Economic Development and Surplus Labour: A Critical Review of the Lewis Model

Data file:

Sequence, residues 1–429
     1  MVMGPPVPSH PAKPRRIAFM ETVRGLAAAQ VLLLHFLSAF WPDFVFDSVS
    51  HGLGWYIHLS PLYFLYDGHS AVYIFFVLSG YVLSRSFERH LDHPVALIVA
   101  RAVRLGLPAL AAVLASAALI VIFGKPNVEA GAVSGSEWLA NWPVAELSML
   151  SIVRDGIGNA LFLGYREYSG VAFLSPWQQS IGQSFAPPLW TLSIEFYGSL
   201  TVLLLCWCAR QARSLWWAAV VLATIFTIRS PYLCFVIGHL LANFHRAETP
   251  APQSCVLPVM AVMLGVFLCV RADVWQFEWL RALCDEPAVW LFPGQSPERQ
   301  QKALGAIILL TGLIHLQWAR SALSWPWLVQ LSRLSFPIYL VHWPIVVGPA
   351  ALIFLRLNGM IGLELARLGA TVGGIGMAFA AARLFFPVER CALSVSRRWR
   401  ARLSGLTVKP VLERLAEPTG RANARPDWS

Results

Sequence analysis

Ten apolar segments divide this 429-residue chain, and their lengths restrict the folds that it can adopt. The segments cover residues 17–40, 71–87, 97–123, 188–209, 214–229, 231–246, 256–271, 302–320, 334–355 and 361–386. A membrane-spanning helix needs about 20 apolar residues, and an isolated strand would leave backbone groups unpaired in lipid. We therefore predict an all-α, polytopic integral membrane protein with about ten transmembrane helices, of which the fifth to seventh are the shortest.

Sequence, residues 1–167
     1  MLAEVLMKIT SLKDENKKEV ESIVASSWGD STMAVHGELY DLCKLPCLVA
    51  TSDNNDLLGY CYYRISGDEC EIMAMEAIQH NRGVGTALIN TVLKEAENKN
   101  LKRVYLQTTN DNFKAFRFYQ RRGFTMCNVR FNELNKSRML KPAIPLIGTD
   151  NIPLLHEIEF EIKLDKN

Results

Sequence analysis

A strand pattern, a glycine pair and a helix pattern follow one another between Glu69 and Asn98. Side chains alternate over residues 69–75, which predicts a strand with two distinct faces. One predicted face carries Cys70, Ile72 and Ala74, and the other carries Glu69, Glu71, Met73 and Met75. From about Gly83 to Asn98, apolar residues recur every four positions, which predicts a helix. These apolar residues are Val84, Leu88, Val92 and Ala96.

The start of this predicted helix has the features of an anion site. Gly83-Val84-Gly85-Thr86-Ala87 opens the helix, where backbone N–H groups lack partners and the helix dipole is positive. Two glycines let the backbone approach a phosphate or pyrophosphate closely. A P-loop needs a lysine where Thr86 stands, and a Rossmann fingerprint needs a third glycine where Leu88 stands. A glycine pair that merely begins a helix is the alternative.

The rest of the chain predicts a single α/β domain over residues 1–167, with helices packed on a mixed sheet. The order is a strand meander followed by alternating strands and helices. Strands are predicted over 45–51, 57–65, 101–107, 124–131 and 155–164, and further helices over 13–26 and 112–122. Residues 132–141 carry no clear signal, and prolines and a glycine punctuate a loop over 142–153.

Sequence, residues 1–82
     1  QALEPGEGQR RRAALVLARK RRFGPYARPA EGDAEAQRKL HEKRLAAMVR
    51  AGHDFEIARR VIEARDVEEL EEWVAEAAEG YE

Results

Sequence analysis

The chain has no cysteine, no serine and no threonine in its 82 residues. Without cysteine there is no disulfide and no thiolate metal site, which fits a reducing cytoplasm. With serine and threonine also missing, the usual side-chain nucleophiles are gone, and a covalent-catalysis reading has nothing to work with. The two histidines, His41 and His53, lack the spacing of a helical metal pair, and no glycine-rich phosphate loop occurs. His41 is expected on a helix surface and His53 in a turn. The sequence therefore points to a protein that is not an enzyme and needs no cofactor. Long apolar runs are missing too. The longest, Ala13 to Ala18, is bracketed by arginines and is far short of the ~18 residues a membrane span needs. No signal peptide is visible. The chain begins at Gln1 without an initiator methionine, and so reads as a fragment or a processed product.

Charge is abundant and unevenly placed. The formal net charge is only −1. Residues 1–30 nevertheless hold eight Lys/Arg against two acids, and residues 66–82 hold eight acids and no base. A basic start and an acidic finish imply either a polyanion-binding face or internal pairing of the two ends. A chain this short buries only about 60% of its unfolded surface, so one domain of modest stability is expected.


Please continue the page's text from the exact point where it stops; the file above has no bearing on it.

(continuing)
The Lewis dual economy model is widely recognised in development economics for its profound explanatory power and applications in economic development. However, there remain some confusions and ambiguities, especially with respect to the definition of surplus labour and the wage determination mechanisms in both the traditional and modern sectors. This has prohibited its use, especially in empirical studies. This paper clarifies and extends this theory. Several questions are addressed. Firstly, it defines two types of surplus labour. Second, it considers the pattern of production and of population growth in the traditional agricultural sector to define the subsistence level of consumption. Third, it considers two wage determination mechanisms in the modern sector, which are then applied to the relationships between these mechanisms and labour market restrictions. Fourth, the role of agriculture and food supply is discussed. Fifth, it considers the dynamics of surplus labour and labour transfer, and defines two types of turning points, which have important implications for empirical studies. Sixth, a scenario for urban surplus labour is presented. In summary, the paper seeks to enhance the general level of understanding of the Lewis model and its application to the process of economic development.
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